Novi Detroit Catholic Central put up a fight, but in the end, the lacrosse world still belongs to Birmingham Brother Rice. The Warriors — the only team in history to win the Division 1 title — extended their championship streak to 12 by turning back Catholic Central, 10-8, in Saturday’s championship at Howell Parker Middle School.
It’s the third straight year that Rice (20-2) has beaten CC in the title tilt, even though the Shamrocks have gotten closer each time. The 2014 game was a 16-goal blowout while last year’s differential was nine.
“Two years ago it was 23-7 and now it’s only a two-goal game; that speaks to the expansion of lacrosse in Michigan and I think that’s great for everyone,” said Brother Rice captain Morgan Macko, who scored once and had four assists.
“They came in, they were inspired, they fought hard. CC’s going to play hard against Rice every time they come in. We expected it,” Brother Rice coach Ajay Chawla said. “Coach (Dave) Wilson did a nice job getting these guys ready. At the end of the day, we knew we were going to have a dogfight on our hands.”
For much of Saturday’s contest, there were indications that this one might have gone either way. The Shamrocks (17-5) scored first and there were five ties, until Rice scored three times within a 21/2-minute span in the third quarter — with each play set up by Macko — to get some breathing room.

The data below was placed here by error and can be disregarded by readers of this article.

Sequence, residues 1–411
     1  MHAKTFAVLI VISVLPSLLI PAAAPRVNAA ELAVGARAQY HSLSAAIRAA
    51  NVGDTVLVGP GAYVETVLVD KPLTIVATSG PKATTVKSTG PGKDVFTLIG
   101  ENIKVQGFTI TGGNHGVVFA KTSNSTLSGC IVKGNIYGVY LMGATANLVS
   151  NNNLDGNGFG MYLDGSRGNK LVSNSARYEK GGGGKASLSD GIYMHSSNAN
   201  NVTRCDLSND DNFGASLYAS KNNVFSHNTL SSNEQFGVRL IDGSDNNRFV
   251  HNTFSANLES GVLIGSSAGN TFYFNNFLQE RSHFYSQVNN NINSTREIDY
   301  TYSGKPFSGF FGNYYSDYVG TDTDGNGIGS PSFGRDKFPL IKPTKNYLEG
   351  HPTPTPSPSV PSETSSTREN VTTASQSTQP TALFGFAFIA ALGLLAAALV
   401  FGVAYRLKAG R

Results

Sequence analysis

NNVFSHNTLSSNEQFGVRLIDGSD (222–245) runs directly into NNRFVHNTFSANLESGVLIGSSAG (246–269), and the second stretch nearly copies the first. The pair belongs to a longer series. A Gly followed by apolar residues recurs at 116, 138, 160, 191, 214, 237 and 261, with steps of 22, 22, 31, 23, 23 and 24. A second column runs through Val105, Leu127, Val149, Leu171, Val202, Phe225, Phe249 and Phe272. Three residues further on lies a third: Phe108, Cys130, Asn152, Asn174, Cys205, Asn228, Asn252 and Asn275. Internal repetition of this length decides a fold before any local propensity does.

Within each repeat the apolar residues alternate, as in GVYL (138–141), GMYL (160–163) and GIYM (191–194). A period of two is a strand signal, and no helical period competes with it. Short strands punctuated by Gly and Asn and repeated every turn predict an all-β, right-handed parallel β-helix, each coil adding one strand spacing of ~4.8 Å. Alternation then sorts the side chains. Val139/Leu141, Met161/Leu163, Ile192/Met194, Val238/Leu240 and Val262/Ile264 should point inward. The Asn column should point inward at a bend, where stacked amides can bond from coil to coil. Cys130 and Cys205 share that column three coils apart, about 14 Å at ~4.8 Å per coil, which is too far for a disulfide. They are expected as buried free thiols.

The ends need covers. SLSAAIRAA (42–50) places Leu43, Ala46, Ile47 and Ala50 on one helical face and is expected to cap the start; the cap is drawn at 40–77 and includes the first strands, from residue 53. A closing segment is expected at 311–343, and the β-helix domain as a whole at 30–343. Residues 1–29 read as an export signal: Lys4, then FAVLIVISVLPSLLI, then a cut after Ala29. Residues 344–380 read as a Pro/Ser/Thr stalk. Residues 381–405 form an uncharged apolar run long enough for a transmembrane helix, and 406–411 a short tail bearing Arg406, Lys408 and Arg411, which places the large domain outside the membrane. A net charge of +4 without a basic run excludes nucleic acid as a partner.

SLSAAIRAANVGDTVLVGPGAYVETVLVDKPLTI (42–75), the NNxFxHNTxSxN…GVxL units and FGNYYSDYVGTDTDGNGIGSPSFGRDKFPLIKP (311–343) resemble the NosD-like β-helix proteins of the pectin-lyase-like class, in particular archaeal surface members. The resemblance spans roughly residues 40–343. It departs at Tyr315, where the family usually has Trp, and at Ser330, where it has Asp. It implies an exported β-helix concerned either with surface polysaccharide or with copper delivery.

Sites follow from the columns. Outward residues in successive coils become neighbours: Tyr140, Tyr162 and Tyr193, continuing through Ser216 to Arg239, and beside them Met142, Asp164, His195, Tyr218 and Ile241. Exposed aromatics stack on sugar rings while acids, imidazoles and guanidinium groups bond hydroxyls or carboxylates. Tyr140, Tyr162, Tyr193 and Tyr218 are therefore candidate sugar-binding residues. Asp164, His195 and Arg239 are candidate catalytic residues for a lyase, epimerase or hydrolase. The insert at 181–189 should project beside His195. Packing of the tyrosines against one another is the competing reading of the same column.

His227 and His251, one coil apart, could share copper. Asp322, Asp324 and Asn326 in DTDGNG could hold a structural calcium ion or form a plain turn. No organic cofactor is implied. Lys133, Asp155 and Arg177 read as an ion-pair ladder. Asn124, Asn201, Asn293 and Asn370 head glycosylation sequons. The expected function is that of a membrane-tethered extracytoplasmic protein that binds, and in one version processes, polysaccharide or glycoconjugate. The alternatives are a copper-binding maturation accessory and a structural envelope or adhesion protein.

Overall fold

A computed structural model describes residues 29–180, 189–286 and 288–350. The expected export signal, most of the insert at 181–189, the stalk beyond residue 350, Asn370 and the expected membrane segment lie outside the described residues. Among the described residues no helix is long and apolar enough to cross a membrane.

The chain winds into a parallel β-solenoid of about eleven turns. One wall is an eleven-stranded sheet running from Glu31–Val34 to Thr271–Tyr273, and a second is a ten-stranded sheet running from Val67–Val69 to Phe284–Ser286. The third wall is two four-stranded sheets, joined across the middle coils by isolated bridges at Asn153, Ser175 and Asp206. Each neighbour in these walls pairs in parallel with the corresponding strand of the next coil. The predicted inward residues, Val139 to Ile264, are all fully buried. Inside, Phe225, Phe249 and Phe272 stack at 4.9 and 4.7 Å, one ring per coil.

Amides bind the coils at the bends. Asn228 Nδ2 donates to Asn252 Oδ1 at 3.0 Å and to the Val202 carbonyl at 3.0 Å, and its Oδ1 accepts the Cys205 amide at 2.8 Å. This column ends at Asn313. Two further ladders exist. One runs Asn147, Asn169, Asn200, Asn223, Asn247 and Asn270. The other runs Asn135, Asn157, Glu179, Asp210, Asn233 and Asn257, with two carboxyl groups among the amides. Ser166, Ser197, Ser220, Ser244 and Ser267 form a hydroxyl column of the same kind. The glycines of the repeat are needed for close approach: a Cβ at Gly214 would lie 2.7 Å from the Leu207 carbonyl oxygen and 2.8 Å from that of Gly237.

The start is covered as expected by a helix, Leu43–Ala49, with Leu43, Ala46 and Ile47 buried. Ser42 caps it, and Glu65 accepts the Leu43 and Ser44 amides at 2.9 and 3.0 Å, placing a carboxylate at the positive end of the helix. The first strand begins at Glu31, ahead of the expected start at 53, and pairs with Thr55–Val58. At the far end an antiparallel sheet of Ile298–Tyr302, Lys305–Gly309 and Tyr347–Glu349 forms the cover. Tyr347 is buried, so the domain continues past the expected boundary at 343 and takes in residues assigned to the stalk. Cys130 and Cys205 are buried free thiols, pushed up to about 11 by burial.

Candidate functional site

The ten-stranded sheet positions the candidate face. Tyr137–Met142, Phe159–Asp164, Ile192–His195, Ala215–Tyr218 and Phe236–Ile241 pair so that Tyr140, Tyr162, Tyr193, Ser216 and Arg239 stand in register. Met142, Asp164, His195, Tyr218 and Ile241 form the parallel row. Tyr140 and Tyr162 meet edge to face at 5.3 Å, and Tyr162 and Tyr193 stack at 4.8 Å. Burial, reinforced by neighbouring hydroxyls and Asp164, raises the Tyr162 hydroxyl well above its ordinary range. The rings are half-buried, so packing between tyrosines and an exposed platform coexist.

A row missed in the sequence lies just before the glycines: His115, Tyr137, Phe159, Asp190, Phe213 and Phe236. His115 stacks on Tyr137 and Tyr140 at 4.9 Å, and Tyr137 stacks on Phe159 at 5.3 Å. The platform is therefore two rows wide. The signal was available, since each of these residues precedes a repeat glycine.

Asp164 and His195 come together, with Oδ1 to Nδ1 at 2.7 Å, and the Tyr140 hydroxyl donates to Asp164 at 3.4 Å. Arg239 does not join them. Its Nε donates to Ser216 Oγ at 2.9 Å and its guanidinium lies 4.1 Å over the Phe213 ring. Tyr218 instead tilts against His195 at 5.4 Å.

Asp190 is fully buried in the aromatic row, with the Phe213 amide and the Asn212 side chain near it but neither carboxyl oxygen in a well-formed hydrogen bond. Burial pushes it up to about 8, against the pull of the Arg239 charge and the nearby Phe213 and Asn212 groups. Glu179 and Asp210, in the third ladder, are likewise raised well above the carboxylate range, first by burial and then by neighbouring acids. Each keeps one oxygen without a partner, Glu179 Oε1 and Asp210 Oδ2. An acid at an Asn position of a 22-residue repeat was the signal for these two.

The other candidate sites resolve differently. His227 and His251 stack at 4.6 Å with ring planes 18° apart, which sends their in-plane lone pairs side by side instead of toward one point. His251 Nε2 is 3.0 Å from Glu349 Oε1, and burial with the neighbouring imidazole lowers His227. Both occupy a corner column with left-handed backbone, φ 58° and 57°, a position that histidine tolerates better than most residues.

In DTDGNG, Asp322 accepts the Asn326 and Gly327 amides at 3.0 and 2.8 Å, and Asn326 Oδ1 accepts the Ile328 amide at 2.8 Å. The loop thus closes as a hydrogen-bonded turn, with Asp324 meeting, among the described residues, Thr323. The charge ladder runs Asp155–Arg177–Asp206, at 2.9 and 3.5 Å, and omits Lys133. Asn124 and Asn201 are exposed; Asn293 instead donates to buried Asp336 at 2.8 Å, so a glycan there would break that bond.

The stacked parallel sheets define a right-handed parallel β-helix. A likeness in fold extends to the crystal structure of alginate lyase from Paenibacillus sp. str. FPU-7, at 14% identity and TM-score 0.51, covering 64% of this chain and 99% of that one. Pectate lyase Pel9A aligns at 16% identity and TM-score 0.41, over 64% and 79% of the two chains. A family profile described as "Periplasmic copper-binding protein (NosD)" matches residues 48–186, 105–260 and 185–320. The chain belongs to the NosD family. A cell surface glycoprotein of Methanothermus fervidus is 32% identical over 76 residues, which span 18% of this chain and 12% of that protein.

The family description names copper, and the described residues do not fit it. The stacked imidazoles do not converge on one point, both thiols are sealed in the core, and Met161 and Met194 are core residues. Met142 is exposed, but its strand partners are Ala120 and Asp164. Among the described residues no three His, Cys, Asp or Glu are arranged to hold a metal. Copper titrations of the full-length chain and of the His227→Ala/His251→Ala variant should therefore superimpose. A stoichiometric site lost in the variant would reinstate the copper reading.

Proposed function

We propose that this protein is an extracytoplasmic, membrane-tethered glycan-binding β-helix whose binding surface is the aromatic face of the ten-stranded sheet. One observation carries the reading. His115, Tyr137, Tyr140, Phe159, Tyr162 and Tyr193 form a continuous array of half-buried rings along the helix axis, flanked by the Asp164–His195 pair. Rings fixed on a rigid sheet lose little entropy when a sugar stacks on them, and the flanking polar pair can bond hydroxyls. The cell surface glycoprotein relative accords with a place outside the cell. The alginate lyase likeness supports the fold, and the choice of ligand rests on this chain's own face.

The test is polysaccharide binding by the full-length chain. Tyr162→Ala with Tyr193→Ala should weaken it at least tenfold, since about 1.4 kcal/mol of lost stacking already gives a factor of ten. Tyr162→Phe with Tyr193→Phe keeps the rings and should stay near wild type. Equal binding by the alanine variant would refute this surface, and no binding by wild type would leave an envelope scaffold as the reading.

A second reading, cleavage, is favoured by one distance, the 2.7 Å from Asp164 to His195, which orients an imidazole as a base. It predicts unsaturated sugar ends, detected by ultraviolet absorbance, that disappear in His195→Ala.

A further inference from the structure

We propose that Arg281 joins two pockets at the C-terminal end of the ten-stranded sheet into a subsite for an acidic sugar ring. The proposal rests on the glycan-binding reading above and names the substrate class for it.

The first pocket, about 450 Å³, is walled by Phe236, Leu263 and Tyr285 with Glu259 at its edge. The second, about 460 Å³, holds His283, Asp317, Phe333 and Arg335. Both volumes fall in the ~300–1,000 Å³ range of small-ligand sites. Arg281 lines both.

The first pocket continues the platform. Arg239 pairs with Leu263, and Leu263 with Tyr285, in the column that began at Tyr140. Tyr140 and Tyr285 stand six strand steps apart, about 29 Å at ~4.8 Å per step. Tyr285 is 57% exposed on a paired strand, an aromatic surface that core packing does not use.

“We needed to put two or three goals together to snap their backs, and we did that,” Chawla said. “That helped us a lot and we kept that two-goal lead even when they answered. I’m proud of the way the boys played.”
Macko fed junior Nick Dudley twice, viewing the play from behind the cage and finding Dudley at the top of the crease. Macko said it was similar to last year’s final, when he scored five goals.
“If you look at those past couple of games, the past two state championships, there wasn’t much individual efforts on those goals, it was all teammates setting me up and I was in the right place at the right time,” said the Bellarmine University commit. “I wasn’t really benefiting me today, it was Nick Dudley in the right place at the right time, and that was huge for us today.”
Dudley — the smallest player on the field at 5-foot-5, 120 — scored four times.
“His vision is amazing. It was him,” Dudley said of his senior teammate. “Catholic Central’s a good team, and we’ve just got to keep working hard and make sure that close score doesn’t happen again.”
Still, Wilson said, someone is bound to knock off Brother Rice eventually.
“From our perspective, it’s not a matter of ‘if,’ it’s a matter of ‘when,’ ” he said. “We feel confident in that and we are working very hard.”